Editorial Notes

Criticism that Abe is 'America's sycophant' too shallow: The Yomiuri Shimbun

Japanese Prime Minister Shinzo Abe (left) shaking hands with US President Donald Trump in the East Room of the White House on Feb 10, 2017.
Japanese Prime Minister Shinzo Abe (left) shaking hands with US President Donald Trump in the East Room of the White House on Feb 10, 2017. PHOTO: AFP

In its editorial on Feb 16, the paper defends Japanese Prime Minister Shinzo Abe's decision to build a close relationship with United States President Donald Trump.

It is important for Prime Minister Shinzo Abe to apply the fruits of the recent Japan-US summit talks to foreign policy in the days ahead, while explaining it to the public in detail.

At a meeting of the House of Representatives Budget Committee on Tuesday (Feb 14), Seiji Maehara of Japan's main opposition Democratic Party (DP) questioned Abe about whether he had perceived the "risk" of being viewed critically by the international community for becoming close to much-criticised US President Donald Trump.

Abe said: "Only the United States will jointly defend [JAPAN]from a missile from North Korea and that has retaliatory capabilities. There is no other choice but to build a close relationship with the president and show it to the world."

The growing threat from North Korea's nuclear and missile developments and from the military provocations of China is a bigger "risk" for Japan. It is utterly reasonable to deepen the trust between the leaders of Japan and the US and reinforce the bilateral alliance.

With regard to Abe not commenting on US-Israeli relations during the summit, Maehara lambasted Abe, likening him to "a chicken meekly obeying a beast."

Abe refuted by saying, "Is there any merit in my commenting on it?"

In foreign relations, there are at times occasions when it is deemed better to refrain from making unnecessary remarks. In dealing with the self-righteous Trump, in particular, a cautious approach is needed.

Abe disclosed that during the summit talks he called on Trump to "assume a role of respecting freedom, democracy, human rights and other principles." It is important to persuade Trump in a level-headed manner and taking plenty of time, rather than loudly criticising him.

Such criticism as saying that Abe is "America's sycophant," made by the DP and other opposition parties, is just too shallow.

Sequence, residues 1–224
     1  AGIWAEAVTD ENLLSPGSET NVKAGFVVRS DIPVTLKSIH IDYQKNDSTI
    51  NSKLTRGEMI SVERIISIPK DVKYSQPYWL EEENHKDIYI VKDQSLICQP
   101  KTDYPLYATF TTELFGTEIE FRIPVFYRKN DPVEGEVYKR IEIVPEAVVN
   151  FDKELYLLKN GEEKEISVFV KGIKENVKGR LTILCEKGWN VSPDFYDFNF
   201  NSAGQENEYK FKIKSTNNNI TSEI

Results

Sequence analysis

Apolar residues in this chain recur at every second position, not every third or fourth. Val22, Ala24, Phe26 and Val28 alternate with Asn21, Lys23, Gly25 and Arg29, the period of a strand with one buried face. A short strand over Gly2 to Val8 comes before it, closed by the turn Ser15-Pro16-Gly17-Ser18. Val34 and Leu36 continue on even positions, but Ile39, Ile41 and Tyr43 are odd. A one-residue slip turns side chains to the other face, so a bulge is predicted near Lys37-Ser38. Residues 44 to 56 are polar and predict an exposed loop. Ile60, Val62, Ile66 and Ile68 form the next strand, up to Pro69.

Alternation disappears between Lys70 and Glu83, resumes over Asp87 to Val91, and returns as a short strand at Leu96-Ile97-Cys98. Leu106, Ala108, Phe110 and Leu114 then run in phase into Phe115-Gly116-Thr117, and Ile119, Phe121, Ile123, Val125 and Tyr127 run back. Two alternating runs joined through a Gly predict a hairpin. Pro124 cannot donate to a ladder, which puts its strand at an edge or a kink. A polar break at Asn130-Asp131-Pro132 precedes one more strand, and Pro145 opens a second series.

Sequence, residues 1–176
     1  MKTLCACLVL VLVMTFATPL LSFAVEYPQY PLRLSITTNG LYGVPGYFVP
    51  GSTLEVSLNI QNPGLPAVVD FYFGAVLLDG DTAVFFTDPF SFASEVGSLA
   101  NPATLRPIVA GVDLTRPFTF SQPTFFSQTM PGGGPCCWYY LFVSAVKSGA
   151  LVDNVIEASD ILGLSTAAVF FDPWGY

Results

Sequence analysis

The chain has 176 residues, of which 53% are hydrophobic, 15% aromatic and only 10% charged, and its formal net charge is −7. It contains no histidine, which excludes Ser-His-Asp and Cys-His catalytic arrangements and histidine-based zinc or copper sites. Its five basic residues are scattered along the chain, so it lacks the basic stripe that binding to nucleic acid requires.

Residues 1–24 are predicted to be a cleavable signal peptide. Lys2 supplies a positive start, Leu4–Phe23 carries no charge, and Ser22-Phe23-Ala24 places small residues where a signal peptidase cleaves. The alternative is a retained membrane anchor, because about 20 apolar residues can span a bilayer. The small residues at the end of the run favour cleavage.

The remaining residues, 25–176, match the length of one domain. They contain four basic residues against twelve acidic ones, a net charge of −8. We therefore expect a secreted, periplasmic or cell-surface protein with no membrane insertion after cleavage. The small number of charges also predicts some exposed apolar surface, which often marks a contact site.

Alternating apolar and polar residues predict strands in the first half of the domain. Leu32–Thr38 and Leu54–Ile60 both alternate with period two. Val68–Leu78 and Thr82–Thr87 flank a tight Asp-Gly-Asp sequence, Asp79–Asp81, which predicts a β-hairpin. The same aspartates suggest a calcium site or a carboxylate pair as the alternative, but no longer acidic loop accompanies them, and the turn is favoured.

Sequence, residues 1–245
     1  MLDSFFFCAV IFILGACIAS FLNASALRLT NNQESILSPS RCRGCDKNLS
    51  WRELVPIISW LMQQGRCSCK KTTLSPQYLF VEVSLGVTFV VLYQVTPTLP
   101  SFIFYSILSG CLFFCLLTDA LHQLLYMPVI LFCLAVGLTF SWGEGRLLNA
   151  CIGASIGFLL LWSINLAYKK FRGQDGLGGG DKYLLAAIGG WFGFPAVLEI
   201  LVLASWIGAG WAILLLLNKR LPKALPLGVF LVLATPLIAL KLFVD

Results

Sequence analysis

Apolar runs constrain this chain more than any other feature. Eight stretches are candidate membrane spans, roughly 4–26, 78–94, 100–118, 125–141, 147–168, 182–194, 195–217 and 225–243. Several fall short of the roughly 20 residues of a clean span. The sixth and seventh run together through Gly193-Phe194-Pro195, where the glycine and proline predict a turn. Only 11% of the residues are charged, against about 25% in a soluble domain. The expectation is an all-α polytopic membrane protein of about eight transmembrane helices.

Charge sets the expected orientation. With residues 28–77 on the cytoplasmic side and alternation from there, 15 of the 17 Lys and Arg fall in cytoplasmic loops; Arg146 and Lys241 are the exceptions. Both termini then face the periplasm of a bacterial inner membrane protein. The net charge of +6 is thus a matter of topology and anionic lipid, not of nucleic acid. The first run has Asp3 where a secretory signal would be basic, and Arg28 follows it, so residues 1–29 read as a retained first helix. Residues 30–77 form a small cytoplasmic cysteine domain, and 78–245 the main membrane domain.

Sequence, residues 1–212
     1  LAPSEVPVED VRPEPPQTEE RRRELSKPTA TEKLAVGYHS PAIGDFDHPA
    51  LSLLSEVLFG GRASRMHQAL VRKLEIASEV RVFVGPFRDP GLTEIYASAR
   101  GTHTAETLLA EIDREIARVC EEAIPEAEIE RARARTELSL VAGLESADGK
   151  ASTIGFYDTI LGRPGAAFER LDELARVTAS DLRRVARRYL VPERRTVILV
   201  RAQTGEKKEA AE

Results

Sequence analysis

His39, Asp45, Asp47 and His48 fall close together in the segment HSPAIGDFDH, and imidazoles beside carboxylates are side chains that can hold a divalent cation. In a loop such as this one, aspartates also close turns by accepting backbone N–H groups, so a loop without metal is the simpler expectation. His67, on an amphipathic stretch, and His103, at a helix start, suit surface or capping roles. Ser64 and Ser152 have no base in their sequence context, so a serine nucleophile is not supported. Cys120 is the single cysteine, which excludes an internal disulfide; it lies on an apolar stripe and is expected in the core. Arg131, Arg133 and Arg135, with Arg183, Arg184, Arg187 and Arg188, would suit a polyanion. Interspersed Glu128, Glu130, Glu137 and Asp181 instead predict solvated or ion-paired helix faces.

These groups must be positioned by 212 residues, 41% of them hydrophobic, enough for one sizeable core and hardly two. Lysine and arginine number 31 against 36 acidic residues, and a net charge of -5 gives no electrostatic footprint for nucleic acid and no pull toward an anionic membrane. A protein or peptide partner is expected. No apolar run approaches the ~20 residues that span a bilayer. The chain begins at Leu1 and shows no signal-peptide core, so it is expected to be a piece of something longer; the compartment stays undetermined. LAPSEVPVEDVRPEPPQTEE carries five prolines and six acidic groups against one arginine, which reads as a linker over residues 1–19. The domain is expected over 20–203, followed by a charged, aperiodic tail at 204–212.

Abe said: "I'm willing to convey President Trump's thoughts to countries that have various concerns about his administration, and relay their concerns to the president." This showed his willingness to serve as a go-between among the US and other countries.

Based on his own diplomatic experience, Abe should persistently persuade Trump on the importance of international cooperation.

Regarding economic relations, Abe said, "President Trump gave an ear to the significance of the Trans-Pacific Partnership trade agreement." Abe also said emphatically that the Japan-US joint statement mentioned options for utilising "existing initiatives," including the TPP, as the basis of a free trade zone.

In the Japan-US economic dialogue that will be newly established, Japan should proceed with discussions by considering both the TPP and the bilateral negotiations sought by the US.

The opposition parties launched an intensive attack on Defence Minister Tomomi Inada over the issue of the daily activity logs created by Ground Self-Defence Force troops operating in South Sudan. When questioned why it took one month for Inada to be informed after the logs were found [in the Defence ministry], Inada said: "It should have been reported to me swiftly. I gave a strong warning to departments and quarters concerned."

Why was the reporting delayed so long? The Ministry needs to examine the case properly and implement thorough measures to prevent a recurrence of such incidents.

The Yomiuri Shimbun is a member of The Straits Times media partner Asia News Network, an alliance of 22 news media entities.